Comfrey is a plant. Even though this plant contains poisonous chemicals called pyrrolizidine alkaloids (PAs), some people use the leaf, root, and root-like stem (rhizome) to make medicine.
Despite safety concerns, comfrey is used by mouth for stomach ulcers, heavy menstrual periods, diarrhea, bloody urine, cough, bronchitis, cancer, and chest pain (angina). It is also used as a gargle for gum disease and sore throat.
Comfrey is applied to the skin for ulcers, wounds, muscle soreness, bruises, rheumatoid arthritis, varicose veins, gout, and fractures.
What is Comfrey?
Comfrey is a perennial herb found in moist grasslands in western Asia as well as in North America. It has bell-shaped red-violet or yellowish flowers. It may contain small amounts of toxic pyrrolizidine alkaloids.
What is it used for?
Comfrey has been cultivated as a green vegetable and has been used as an herbal medicine for more than 2,000 years. Comfrey original name, knit bone, derives from the external use of poultices of its leaves and roots to heal burns, sprains, swelling, and bruises. In Western Europe, comfrey has been used topically for treating inflammatory disorders such as arthritis, gout, and thrombophlebitis, and internally for treating diarrhea. Comfrey has been claimed to heal gastric ulcers and hemorrhoids, and to suppress bronchial congestion and inflammation. Commercial comfrey sale and distribution is restricted in Germany and Canada because of its substantial toxicity.
What is the recommended dosage?
Oral use of comfrey is not recommended because of potential liver damage. Additionally, because its alkaloids are absorbed through the skin, use of comfrey as a poultice should not exceed an exposure of 100 mcg/day of the alkaloids. Limited trials have evaluated the effectiveness of alkaloid-free preparations for external use; however, these studies did not examine how much liver damage occurred in patients.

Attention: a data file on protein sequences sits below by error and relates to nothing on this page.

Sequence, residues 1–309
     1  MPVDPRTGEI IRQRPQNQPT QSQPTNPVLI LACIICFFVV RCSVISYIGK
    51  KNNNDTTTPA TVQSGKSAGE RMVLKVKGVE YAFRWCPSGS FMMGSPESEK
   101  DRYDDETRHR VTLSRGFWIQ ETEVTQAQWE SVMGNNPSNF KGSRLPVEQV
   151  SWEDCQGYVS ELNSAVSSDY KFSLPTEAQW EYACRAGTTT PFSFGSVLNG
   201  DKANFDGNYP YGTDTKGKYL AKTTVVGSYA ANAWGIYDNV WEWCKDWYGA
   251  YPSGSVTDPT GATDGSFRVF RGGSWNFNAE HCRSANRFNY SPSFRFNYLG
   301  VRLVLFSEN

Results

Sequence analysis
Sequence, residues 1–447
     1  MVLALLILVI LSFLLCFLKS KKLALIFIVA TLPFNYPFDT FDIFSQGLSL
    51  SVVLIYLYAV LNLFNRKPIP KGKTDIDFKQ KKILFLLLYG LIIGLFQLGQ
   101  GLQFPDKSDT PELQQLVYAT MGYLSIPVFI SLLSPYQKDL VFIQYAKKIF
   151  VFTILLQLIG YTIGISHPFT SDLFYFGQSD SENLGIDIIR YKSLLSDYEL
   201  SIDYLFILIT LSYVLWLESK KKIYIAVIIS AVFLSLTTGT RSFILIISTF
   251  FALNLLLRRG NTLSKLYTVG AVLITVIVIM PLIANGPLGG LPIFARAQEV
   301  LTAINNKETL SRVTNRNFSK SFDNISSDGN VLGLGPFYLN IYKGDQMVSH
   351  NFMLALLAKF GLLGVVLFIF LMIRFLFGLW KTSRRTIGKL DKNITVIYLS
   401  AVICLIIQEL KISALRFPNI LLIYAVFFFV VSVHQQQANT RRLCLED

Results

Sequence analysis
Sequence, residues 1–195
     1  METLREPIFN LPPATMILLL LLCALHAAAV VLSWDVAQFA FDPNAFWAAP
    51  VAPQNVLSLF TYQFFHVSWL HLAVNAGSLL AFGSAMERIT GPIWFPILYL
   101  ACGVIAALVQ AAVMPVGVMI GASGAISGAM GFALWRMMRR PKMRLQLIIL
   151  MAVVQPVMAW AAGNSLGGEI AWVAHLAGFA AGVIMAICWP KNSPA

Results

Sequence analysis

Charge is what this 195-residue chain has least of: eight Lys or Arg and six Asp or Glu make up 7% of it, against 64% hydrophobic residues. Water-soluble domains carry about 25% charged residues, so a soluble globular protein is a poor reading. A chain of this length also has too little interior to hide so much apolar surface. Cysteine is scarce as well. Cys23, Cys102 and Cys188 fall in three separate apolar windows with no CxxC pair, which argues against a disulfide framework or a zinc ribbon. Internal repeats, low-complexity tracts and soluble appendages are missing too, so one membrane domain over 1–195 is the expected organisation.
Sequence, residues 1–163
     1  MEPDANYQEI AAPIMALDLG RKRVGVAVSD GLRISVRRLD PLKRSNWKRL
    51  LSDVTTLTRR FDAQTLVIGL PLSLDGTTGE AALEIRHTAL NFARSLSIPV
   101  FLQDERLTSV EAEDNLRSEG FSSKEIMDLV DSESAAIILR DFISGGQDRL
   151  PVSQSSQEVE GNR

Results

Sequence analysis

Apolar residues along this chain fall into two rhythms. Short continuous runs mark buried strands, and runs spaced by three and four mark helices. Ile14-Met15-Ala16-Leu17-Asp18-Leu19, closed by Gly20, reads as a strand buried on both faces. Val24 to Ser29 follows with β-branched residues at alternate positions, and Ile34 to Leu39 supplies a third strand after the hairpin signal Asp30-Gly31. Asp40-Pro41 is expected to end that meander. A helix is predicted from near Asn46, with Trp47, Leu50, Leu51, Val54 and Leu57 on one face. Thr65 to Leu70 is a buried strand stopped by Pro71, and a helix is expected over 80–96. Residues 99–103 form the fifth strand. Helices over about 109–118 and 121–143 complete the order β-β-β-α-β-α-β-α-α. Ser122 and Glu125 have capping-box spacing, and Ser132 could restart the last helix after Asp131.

Comfrey is not recommended for internal use because of the liver damage caused by its pyrrolizidine alkaloids. Patients with hypersensitivity or allergic reactions to the plant should also avoid external use. Definitely do not use during pregnancy or nursing, with infants, and if you have liver or kidney disease.
The internal or extensive topical use of comfrey cannot be recommended because of numerous reports of liver damage.
How to use the healing herb comfrey
My back is a little broken. I blame it on a bag of compost, although my chiropractor blames it on all the tapping I do at the computer. If I’m to harvest potatoes and plant pumpkins, I need a plan of action, a multi pronged, throw‑everything-at-it approach: chiropractor, shiatsu massage, if necessary, painkillers – and comfrey.
Comfrey may not be an obvious choice, but it has always been such a kind plant to the garden that it should come as no surprise that is kind to the body, too. Once known as knitbone, Symphytum officinale has a long history of wound healing, particularly broken bones, torn muscles, sprains and aches. It was even applied internally, although many herbalists are cautious of using it this way because it contains powerful pyrrolizidine alkaloids that can cause liver damage and abdominal distress. However, only slight absorption occurs with external application. As such, a compress or poultice is considered more suitable for home use.
Part of comfrey magic is down to the presence of allantoin, a chemical that stimulates cell production and thus supports wound-healing. I have read that it was even used in the same way for plants: if a branch was damaged or a graft needed to be hurried along, a wrapping of comfrey was called for to do its wonders.
Its other use, of course, is as a plant food. For every 1kg of leaves, you need 15 litres of water, but it doesn’t need to be precise. Cut the leaves 5cm from the ground, fill a container, add the water and wait four weeks. Then use this liquid on any plant that needs nourishment: once a week for tomatoes, chillies, aubergines, cucumbers, and other fruit in pots once the flowers appear; every other week for other crops in pots and whenever anything in the ground needs a little boost. The leaves are rich in nitrogen, potassium and phosphorous because comfrey extensive tap root can mine all the good stuff deep in the soil.